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World Bank hopes China will boost donation to fund for poorest countries

·2-min read
World Bank President David Malpass attends the "1+6" Roundtable meeting at the Diaoyutai state guesthouse in Beijing

By Andrea Shalal

WASHINGTON (Reuters) -World Bank President David Malpass said on Thursday that he hoped China would increase its donation to the International Development Association fund for the poorest countries.

Malpass told the Bretton Woods Committee, a U.S.-based supporter group, he was reaching out to China, Russia, Turkey, Britain and other donor countries as the bank seeks to raise some $100 billion for the fund by the end of the year.

He said China's economy had grown and he was making the case that Beijing could boost its previous, already-generous donation to IDA, and Japan was also committed to a large contribution.

Malpass told the group the bank was seeking a U.S. congressional exemption that would allow IDA to offer securities on U.S. capital markets at more competitive rates.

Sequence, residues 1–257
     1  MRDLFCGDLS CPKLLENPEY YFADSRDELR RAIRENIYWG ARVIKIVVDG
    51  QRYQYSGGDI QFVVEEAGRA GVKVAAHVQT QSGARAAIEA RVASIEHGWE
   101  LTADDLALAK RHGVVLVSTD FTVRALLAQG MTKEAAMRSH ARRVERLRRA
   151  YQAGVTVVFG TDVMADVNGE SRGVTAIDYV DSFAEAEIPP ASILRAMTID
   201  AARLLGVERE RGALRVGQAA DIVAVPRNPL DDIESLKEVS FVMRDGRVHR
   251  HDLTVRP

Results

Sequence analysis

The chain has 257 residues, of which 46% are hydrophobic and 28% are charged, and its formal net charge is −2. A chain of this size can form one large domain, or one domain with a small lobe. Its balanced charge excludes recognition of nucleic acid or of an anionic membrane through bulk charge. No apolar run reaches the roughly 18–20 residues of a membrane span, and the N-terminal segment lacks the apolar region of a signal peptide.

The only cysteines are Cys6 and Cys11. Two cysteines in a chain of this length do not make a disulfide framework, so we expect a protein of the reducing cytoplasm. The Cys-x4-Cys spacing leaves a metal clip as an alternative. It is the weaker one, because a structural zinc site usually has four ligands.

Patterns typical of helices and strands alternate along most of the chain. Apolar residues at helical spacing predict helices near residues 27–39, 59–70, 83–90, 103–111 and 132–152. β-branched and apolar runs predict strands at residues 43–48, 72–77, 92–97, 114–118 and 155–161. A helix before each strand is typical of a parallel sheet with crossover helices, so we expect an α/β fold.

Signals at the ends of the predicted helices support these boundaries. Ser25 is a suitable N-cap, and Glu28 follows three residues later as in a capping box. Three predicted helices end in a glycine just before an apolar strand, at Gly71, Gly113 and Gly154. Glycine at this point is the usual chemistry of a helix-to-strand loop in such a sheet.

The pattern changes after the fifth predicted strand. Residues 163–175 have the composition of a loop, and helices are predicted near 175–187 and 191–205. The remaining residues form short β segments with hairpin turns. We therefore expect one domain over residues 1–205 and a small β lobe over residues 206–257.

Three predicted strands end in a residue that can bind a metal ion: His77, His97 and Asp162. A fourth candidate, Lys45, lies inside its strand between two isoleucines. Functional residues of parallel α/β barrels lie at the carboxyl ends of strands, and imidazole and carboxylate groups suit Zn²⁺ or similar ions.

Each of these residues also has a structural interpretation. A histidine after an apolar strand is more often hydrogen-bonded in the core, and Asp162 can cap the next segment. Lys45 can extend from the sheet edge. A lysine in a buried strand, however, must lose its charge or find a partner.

He noted that the Asian Development Bank, the Inter-American Development Bank and other institutions already have such exemptions, but IDA - which only recently begin issuing securities - did not.

No comment was immediately available from the Securities and Exchange Commission or the U.S. Treasury Department.

The exemption, proposed by the Treasury Department in its 2022 budget proposal to Congress, could save IDA hundreds of millions of dollars, said Whitney Debevoise, partner with the law firm Arnold & Porter and a former U.S. executive director at the World Bank.

Finance officials of the Group of 20 major economies on Wednesday said they looked forward to an ambitious replenishment of the fund.

Malpass on Monday embraced the $100 billion target previously set by African leaders, saying the funding was needed to address "tragic reversals" in development caused by the COVID-19 pandemic.

The multilateral development bank is forecasting global growth of 5.7% in 2021 and 4.4% in 2022, but Malpass said disparities between advanced economies and developing countries were worsening and had set back efforts to reduce extreme poverty by years, and in some cases decades.

(Reporting by Andrea ShalalEditing by Alistair Bell and Leslie Adler)

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